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  • The Lessons of Stonewall Fifty Years Later
  • Kevin Mumford (bio)

For much of my academic career, spanning almost thirty years now, the Stonewall riots have been under a kind of revisionist attack. We were taught that Stonewall was a possible historical turning point, a convenient marker in time if you will, but not that it sparked a gay revolution. The popular images were of a spontaneous uprising, of patrons discovering resistance against police in a bar raid, of a subterranean homosexual network transformed into a radical gay community. It is interesting that it was the Stonewall generation itself—the men and women who came of age in graduate school or first academic jobs at the time—that debunked the mythology of a Stonewall revolution. Perhaps no scholar invested more heavily in this perspective than John D'Emilio, one of the looming figures in gay and lesbian historiography. In his dissertation, quickly turned into the monumental book Sexual Politics, Sexual Communities: The Making of a Homosexual Minority, D'Emilio is pushing up against what one might assume was a kind of rampant triumphalism at the time when gay activists possessed little historical appreciation for anything or anyone that came before Stonewall and gay liberation.1 They had made a revolution, discovered sexual solidarity, and paved the way for a new generation to come out into a world of unprecedented personal freedoms.

Since that evening when the riots began, June 28, 1969, until a number of recent books, a significant number of historians have understood Stonewall as the ultimate watershed event. To quote David Carter, a professional but not academic historian, "Stonewall Riots are the critical turning point in the movement for the rights of gay men and lesbians as well as for bisexual and transgendered people."2 Though he published his book in 2004, the argument resurrected a long-standing view of gay history as bifurcated between a past of darkness where [End Page 85] gay men and lesbians hovered in the shadows of repression and a here and now of almost instant mobilization and vibrant community life. Martin Duberman's 1993 study, Stonewall, presented an academic and biographical portrait cast in much the same light and contours of change.3 He did not question the centrality of the moment or its historical shifting, but rather—at least from my perspective at the time whilst reading it, just after finishing my doctorate—he sought to emphasize the diversity of those involved and the ongoing implications for building an inclusive movement. Men and women, black and white (though not yet transgender) were movingly portrayed and obviously admired. Who could be against Stonewall, after all?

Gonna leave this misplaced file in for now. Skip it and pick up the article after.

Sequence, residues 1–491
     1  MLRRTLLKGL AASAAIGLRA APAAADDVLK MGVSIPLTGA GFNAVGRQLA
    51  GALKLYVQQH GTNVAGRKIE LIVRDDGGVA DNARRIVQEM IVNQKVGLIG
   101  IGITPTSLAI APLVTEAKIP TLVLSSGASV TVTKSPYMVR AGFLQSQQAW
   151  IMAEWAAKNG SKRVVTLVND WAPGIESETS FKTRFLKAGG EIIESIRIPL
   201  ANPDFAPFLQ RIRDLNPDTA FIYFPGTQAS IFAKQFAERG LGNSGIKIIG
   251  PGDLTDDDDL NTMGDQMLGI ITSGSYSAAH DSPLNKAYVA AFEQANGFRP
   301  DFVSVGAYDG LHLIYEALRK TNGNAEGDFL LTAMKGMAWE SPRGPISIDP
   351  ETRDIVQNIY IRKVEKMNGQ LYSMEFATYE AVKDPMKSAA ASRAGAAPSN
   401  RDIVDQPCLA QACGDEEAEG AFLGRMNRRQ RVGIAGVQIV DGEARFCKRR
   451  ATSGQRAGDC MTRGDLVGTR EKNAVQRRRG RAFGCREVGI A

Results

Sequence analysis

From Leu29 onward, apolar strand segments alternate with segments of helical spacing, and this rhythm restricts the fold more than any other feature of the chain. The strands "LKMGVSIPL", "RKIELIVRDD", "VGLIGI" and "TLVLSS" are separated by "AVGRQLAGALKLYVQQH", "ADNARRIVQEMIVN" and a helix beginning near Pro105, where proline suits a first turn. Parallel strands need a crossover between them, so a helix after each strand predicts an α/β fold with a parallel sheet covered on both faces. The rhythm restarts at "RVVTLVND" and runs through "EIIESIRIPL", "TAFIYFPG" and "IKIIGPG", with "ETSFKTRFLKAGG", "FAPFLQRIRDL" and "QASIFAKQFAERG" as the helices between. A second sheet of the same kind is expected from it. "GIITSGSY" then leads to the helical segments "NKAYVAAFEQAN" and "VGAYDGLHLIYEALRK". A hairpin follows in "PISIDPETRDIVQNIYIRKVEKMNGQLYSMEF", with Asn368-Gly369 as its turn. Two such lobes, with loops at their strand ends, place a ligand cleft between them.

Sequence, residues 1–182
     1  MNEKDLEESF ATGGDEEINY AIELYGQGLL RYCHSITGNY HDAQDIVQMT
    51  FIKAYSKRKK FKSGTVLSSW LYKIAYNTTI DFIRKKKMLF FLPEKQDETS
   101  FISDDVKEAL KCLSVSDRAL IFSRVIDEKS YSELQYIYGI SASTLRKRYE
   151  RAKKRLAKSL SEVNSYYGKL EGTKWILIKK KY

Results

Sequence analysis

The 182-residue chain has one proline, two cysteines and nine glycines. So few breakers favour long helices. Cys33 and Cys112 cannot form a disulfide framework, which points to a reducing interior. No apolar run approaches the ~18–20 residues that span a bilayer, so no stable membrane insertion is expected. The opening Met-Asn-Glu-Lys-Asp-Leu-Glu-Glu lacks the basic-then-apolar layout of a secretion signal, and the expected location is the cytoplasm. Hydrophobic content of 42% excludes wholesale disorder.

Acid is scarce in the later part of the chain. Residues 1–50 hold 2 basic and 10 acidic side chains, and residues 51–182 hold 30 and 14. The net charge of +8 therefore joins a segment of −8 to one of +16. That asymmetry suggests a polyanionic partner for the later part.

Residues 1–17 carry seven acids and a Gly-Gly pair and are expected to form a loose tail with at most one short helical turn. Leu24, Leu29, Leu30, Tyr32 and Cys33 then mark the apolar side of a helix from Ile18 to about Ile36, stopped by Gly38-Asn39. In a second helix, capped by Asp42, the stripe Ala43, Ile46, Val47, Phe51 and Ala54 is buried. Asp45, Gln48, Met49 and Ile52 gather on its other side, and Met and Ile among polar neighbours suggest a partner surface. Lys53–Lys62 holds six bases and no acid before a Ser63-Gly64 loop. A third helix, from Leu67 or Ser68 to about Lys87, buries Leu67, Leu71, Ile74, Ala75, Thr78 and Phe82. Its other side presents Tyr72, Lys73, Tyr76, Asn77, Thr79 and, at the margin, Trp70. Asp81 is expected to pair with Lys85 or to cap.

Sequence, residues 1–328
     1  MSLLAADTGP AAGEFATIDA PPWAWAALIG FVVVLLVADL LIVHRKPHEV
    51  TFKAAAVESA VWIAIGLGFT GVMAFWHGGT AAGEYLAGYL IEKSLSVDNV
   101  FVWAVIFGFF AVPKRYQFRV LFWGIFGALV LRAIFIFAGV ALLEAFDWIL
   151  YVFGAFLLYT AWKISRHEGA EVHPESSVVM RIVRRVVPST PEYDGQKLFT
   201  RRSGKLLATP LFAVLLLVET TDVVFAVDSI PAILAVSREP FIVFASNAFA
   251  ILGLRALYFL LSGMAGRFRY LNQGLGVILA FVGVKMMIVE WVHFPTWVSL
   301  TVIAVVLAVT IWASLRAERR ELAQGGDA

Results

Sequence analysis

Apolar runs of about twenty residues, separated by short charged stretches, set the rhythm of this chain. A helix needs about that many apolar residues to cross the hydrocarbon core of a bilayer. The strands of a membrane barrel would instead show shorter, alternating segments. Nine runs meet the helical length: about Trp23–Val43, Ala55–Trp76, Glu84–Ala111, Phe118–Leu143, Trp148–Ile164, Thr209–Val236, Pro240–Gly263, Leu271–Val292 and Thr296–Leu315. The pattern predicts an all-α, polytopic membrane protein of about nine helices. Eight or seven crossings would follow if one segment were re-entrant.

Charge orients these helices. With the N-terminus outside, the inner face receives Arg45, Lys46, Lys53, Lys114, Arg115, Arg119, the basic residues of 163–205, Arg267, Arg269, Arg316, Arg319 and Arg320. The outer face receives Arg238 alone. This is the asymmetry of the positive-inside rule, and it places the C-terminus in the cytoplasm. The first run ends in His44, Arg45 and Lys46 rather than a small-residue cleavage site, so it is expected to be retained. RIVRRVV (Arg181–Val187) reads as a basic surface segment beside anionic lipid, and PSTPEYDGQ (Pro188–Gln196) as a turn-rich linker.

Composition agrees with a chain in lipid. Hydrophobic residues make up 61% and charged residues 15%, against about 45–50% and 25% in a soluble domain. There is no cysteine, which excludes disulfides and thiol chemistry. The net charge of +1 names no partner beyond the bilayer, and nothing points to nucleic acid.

I would like to introduce a little-known, rarely cited book by Scott Bravmann, Queer Fictions of the Past: History, Culture, and Difference, published in 1997 by Cambridge University Press. A slim volume in a now defunct series, Cambridge Cultural Social Studies, this text, originally his dissertation, drew from Bravmann's abiding interest in interrogating historiography as an embedded social practice that was always seeking to conceal both its methodology and pretensions to empirical truth. It was based on his years of studies in the History of Consciousness Department at the University of California, Santa Cruz, that Hayden White, among others, oversaw and advised. A key chapter was "Queer Fictions of Stonewall" in which the Bravmann located the moment in "shared public rituals that literally through annual public celebrations . . . representations of Stonewall help to assert the queer nation of the late-twentieth century." And this current celebration of the fiftieth anniversary repeats the exercise, of course, seeking to distill and deploy a singular meaning of the events and to command a unified vision of our post-Stonewall future once again, forging bonds of consent and conformity from and for us. But Bravmann not only exposes the coercive aspects of this publicity, but he also asks whose us? He therefore pioneers the analysis of the racial problems engendered by both the Stonewall school and the narratives of the formative heroic homophiles. The moment enacts a centripetal force pulling us together, he points out, but also admits to a centrifugal force of racial matters that silently tug the collective apart...


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pp. 85-89
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